Europe in Good Repair

— Did you find Europe old ? Then thank your good angel that led you blindfolded through a land sprinkled with guidebooks and vergers, overrun by tourists, and given over to the amenities of travel.

Cologne cathedral was my first recognized disappointment. We reached it by way of Antwerp and Aix la Chapelle. Rubens’s florid tomb and Charlemagne’s uncomfortable coronation chair had, it is true, made me vaguely uneasy. But it was not until I saw Cologne cathedral that I knew to a certainty that I was disappointed. There it stood in all its beauty, immaculate, spick-spau ; as if it had been built seven years ago instead of seven hundred. My companion gazed upon it, wrapped in admiration. She, fortunate soul, could bear corroborative witness to the guidebook’s testimony : “ It justly excites the admiration of every beholder.” She called my lagging attention to its rare beauty and finish. Finish—yes, “finished in 1880.” Beauty — What went we out for to see ? Fine buildings ? Nay, we had traveled thousands of miles that we might come in touch with the old, the historic, and here I stood before an advertised antiquity and feltno responsive thrill, — I, who at home worshiped the past, haunted old cemeteries and bought only old furniture ! Nor was the inside much better. We had happened in Cologne on a feast day. We stood and watched the procession of priests move slowly up the broad aisle. They were round of head, round of person, and solid of foot, — not a suggestion of the tonsured monk of the Middle Ages. If those early monks were of the earth, earthy, we to-day feel it not. They are long since dust and ashes, and by a sort of homœopathic process have become canonized in our imaginations. But these modern priests, they are yet in the body. Led by an assiduous attendant, we visited the choir chapel, climbed to the choir gallery, and even to the top of the tower. Not so much as a thrill to reward our tired legs. It was all shockingly new and surpassingly beautiful.

It may be that this first disappointment affected all my subsequent impressions of Europe. For I looked and hungered in vain for the glory of the past. There is no past in Europe. It is all distressingly up to date. The ruins are all in an excellent state of preservation, thanks to the constant and watchful care bestowed on them. I gazed upon the bullet holes that mark the place where William the Silent met his fate. I tried to be impressed by their age, by the tragedy they commemorated. All in vain. I could only look upon them as well-preserved bullet holes, hold my peace, and wonder what William the Silent would have thought. Even Heidelberg Castle, with its promenades and bands and guides, is a sort of historic beer garden.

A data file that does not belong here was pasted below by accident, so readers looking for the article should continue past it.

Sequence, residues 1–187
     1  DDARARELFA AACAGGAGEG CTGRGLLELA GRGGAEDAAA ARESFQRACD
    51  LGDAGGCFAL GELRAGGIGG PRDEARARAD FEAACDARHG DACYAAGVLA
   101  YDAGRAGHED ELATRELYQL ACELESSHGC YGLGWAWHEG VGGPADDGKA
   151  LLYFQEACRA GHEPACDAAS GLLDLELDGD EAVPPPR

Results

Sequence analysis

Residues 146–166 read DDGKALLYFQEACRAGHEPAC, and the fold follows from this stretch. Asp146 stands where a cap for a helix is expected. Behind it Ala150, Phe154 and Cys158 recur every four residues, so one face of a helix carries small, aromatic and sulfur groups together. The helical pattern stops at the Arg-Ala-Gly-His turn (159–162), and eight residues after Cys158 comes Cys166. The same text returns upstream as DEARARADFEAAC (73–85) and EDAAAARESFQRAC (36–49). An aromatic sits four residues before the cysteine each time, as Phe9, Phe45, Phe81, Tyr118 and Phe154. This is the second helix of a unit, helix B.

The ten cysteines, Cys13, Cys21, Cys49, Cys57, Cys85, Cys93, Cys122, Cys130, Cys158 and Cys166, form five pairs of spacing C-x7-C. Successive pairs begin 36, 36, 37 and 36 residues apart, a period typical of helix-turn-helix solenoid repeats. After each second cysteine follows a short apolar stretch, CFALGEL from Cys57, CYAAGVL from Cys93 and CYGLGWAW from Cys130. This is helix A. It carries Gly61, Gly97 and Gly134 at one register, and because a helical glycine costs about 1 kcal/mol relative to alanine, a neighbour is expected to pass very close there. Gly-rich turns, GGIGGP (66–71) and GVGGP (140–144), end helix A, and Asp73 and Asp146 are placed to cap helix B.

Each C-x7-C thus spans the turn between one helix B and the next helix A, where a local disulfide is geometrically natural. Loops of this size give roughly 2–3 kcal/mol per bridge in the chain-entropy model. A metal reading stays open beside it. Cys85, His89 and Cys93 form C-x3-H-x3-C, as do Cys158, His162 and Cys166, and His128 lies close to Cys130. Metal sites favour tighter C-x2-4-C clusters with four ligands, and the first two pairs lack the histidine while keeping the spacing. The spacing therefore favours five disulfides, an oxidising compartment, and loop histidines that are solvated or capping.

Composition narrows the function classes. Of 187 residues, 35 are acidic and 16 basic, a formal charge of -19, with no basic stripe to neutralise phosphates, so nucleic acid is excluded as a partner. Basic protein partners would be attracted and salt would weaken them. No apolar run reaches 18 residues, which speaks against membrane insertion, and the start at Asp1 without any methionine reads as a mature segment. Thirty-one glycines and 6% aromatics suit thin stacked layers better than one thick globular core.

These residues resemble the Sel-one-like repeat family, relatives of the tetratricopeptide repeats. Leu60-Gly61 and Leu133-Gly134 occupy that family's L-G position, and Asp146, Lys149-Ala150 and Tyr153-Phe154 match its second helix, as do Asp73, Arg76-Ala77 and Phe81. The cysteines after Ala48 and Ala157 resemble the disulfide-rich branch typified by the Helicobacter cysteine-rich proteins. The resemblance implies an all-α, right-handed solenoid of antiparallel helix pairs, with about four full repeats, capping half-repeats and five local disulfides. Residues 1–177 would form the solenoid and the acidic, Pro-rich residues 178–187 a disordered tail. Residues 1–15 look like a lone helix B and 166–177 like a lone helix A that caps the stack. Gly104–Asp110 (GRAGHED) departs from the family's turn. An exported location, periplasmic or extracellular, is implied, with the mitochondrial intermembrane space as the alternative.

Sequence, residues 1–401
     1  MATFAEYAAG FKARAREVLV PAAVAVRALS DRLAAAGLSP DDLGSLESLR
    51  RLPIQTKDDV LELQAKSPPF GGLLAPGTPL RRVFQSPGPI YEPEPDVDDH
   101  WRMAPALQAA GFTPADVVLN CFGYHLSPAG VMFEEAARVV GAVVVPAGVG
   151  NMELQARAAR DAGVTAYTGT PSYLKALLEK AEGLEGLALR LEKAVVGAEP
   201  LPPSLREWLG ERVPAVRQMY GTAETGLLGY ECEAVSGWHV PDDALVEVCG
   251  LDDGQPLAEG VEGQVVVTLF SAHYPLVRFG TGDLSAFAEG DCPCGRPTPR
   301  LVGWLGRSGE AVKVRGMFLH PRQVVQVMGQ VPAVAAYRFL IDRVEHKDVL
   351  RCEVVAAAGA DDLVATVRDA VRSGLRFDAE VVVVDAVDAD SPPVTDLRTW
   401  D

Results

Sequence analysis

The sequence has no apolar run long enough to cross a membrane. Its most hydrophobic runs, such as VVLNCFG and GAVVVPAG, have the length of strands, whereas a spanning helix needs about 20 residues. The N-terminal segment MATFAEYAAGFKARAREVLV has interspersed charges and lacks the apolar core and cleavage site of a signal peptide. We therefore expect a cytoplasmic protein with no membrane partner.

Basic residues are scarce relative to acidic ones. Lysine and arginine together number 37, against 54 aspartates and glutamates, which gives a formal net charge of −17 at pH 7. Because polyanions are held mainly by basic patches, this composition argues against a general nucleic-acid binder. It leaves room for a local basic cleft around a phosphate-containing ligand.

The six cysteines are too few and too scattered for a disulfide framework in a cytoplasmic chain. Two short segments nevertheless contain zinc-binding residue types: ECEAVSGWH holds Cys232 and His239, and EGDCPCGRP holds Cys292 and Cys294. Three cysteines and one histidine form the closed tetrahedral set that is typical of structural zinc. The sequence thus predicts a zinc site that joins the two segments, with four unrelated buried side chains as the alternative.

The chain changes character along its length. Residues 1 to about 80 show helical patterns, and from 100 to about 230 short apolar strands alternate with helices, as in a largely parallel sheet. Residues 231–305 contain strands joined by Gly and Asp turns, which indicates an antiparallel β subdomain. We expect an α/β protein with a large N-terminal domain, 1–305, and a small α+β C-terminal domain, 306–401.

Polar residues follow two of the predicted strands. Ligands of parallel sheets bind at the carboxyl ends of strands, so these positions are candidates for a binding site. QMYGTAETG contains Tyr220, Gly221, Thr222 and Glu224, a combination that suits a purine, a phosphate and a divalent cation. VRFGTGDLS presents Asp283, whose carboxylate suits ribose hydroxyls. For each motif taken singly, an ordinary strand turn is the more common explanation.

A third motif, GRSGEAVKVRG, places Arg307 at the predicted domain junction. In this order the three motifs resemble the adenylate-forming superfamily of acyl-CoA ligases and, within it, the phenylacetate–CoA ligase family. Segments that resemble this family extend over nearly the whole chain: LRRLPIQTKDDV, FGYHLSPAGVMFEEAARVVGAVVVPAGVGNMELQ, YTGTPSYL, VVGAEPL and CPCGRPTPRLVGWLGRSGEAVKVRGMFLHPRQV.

It is the tourist that has spoiled Europe. First and foremost, he is everywhere, marring the picturesque market-place by his presence, robbing it of its local color, and having too little individuality to replace it by anything of his own. And secondly, his influence is constantly seen in the eager attempts made to satisfy his curiosity. Everywhere and in everything is manifest a pathetic, thrifty provision to catch his eye and his dollars. Ruins are labeled—nay, even restored — for his benefit. Guides are constantly at hand. All Europe is one continuous show.

If the enterprise stopped at ruins, one might endure it, harrowing though it is. But even nature is not safe from the rejuvenating hand. “ As old as the hills,” we say. Alas, not in Switzerland. Each peak and crevasse is ticketed and advertised, nor could I escape the impression, during my stay there, that the cheerful bugler, whose notes every morning woke the hotel in time for the advertised sunrise, had carefully dusted each shining peak before summoning us to the spectacle. A long-handled feather duster hovered dimly in my imagination. And I felt, when I dropped the customary coin into his customary palm at the hotel door, that I paid for both waking and dusting. Then I would take my misty way to the top of the kulm ; and lo, out of the shrouding mists, tables and booths would shape themselves to my sleepy vision, — tables laden with colored photographs and carved salad-forks and stick-pins. And I would turn my back upon them, and watch for the “ red eye ” of dawn to appear, just as the guidebook describes it, with a vague feeling that each individual salad-fork and stick-pin was imbedded in my spinal column.

No, it is only by chance and rare good fortune that one finds the old in Europe Some little out-of-the-way place has escaped the all-seeing Baedeker eye. You come upon it by accident, and suddenly you feel yourself in the presence of the old, the venerable. The town may not boast even one ruin, but it has the atmosphere of antiquity. It grins down at you from grotesque gargoyles ; it reaches out to you in curiously wrought door - handles ; it smiles from quaintly colored rural pictures upon some burgher’s house ; it clatters in sabots over the cobbled streets : and you yield yourself to it and breathe deep. It is genuine antiquity ; there is no mistaking -the flavor.

It is the same feeling that has swept over you hundreds of times in sleepy New England towns where Time has had his way. You are reminded, perhaps, of Old Hadley cemetery, where one long Indian-summer afternoon you drifted with the hours, and the peace of the past came upon you, and baffling mysteries, gliding from their soft haze, touched you familiarly and said, “ Lo, you too are one of us ; and we are of the Present and the Future and the Past.”